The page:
On our drive to Granada today we crossed over an unusual bridge so we decided to have a picnic near it with the bread and dried chorizo that was kindly given to us by staff from the El Curro hotel in Burunchel.
We had driven this way because of suggestions made by Maria del Mar, an extraordinarily nice woman who worked in the El Curro. It’s always great to make connections with locals and find the paths less travelled (by tourists like ourselves).
Sometimes travelling can feel a bit like being a slot-car that just follows a well worn rut. So sitting out in what seemed like the middle of nowhere in Spain, eating some delicious sausage looking at an incredible landscape with my wife the engineer seemed to be close to perfect.
To paraphrase my old friend Omar Khayyam
Here with a loaf of bread some chorizo,
a bottle of water, a bridge and thou
Beside me chatting in the wilderness
and wilderness is paradise now.
As we ate, we discussed the bridge and its design while bearded vultures soared far above us on the thermals over the surrounding hills.
I’ve learnt so much about concrete and how it’s used since I’ve known Engogirl. The bridge we were looking at was quite unusual in that its vertical members looked very slender with only thin horizontal members with no diagonal bracing to stop them warping. Concrete is very strong in compression but relatively weak in tension so the vertical members have to stay straight or it’s “all over red rover”. The bridge was a manifestation of “less is more” in concrete.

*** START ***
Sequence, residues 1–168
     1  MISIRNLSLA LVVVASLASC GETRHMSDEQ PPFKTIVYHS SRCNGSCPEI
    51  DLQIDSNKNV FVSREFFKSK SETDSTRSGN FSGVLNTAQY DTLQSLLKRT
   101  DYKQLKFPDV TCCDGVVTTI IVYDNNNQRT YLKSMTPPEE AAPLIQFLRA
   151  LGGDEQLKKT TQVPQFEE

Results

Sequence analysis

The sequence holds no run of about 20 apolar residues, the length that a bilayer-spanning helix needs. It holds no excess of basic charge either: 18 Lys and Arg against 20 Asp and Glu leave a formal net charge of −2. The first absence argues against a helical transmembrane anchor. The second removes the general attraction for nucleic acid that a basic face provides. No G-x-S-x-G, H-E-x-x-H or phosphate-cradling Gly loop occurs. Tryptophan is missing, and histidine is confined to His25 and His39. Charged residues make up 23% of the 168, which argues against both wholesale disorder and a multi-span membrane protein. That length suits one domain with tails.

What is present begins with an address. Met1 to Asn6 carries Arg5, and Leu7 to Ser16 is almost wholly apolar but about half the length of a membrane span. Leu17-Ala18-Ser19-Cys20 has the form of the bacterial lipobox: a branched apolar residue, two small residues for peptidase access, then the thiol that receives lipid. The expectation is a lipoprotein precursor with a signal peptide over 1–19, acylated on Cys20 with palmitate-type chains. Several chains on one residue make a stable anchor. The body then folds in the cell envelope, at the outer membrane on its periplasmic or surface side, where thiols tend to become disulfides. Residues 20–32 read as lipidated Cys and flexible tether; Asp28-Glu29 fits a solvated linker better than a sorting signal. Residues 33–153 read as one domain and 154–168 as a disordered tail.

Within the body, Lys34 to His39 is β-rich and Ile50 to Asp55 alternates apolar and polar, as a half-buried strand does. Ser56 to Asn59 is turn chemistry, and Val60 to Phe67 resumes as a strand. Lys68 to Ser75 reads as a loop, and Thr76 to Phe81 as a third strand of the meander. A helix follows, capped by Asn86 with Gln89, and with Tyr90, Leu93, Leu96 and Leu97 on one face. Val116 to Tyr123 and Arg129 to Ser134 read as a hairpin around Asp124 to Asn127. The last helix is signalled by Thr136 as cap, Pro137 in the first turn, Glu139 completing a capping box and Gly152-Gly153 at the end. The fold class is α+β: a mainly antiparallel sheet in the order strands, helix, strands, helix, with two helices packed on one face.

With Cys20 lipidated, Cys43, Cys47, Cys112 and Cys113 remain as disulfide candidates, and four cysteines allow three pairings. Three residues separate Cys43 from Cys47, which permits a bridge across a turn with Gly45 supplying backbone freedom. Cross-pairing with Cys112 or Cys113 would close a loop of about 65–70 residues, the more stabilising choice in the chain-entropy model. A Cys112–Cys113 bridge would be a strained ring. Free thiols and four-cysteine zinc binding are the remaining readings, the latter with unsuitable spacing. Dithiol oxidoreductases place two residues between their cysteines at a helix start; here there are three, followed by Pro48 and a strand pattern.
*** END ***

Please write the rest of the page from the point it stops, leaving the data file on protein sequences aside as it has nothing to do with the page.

Its not that Engogirl thought it was a bad design, it was just different and showed a desire to make a bridge that was more than just functional. Although the construction of the bridge looked quite rough because it had been made with formwork on site, suggesting that it was just a fairly cheap bridge of no real importance, it had lots of character. In fact it was quite beautiful in its own way.